Essity invests in world’s first tissue machine to operate on geothermal steam
Sweden-headed global hygiene and health company Essity AB has announced that it is investing in enhanced efficiency in the company´s site in Kawerau, New Zealand, including the world’s first tissue machine run on a fully geothermal steam drying process.
"We´re setting new industry standards when it comes to sustainable tissue production. Investing in the world’s first tissue machine running on a fully geothermal steam process is groundbreaking," says Magnus Groth, President, and CEO, Essity.
Essity aims to lead the industry for environmental and social sustainability performance across its operations in Australasia. Improvements include sustainable packaging supporting the Australian National Packaging Targets, certified sustainable fiber sources, ethical supply chains, and reducing manufacturing waste and water use.
The Kawerau site on the North Island has served New Zealand’s businesses through its TORK products and New Zealand households with well-known brands such as Purex, Sorbent, and Handee for over 65 years. Essity has 326 employees in New Zealand, including over 200 in Kawerau.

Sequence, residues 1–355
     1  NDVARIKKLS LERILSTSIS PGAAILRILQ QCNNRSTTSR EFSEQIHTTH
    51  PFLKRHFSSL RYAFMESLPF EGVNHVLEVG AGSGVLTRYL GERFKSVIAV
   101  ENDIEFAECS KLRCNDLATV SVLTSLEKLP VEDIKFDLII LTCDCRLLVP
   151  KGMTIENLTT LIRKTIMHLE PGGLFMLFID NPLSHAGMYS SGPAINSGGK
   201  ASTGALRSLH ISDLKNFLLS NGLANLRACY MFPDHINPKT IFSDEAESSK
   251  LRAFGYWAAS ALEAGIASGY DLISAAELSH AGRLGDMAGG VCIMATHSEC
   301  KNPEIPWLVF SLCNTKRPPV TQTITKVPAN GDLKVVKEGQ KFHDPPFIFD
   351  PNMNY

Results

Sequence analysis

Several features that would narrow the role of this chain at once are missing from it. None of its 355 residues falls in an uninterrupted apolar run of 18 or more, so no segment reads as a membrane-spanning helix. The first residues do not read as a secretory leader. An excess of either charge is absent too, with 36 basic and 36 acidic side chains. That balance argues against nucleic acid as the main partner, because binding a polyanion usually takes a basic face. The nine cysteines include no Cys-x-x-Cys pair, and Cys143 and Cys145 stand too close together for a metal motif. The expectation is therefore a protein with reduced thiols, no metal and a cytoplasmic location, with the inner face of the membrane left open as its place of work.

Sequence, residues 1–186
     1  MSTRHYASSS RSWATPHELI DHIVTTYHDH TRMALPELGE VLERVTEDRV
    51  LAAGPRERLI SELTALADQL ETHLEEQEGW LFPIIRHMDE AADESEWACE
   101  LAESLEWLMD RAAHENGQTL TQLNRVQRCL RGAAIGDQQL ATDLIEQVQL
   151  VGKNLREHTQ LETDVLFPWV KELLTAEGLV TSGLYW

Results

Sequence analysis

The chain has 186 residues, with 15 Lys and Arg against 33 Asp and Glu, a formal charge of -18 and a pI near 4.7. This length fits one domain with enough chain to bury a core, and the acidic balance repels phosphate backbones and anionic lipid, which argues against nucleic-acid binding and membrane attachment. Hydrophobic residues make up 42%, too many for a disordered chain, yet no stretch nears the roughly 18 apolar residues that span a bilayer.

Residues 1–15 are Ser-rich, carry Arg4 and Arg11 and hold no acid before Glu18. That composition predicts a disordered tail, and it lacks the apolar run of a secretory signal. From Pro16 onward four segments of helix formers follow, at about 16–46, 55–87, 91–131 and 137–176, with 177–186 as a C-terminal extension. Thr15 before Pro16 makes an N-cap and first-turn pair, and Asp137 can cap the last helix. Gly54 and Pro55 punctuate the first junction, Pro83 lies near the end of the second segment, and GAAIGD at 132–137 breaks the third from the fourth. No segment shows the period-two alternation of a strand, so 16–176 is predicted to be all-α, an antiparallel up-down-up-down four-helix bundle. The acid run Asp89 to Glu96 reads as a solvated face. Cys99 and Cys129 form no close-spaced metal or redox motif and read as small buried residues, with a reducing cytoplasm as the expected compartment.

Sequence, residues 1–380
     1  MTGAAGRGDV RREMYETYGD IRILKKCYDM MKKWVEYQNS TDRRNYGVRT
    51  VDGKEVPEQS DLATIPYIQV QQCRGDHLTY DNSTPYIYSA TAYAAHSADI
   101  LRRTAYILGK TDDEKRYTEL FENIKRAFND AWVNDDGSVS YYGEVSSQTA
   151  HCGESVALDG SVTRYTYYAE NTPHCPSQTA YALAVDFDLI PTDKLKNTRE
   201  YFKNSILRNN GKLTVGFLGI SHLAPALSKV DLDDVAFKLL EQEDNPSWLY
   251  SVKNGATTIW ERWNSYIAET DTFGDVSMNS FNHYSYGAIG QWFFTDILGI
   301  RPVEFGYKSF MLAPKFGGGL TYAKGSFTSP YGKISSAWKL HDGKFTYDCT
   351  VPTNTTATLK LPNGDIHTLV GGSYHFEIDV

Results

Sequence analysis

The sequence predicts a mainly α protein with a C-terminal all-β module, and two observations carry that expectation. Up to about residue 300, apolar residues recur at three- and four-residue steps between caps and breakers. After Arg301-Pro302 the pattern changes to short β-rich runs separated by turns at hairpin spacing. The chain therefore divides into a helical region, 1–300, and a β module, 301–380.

By running a fully geothermal steam drying process, together with a reduction in pulp consumption, reduced waste, and elimination of the burning of natural gas on the machine, the Kawerau process improvements will contribute to a reduction of carbon emissions by 23 percent from the Kawerau site.
We´re setting new industry standards when it comes to sustainable tissue production. Investing in the world’s first tissue machine running on a fully geothermal steam process is groundbreaking. By reducing our carbon emissions, we can offer our customers and consumers more climate-friendly products, said Magnus Groth, President, and CEO, Essity.
The investment of approximately NZ$15.8 million (≈ EUR 9.4 million) is partly funded through the Government Investment in Decarbonizing Industry (GIDI) Fund, administered by Energy Efficiency and Conservation Authority (EECA) in New Zealand.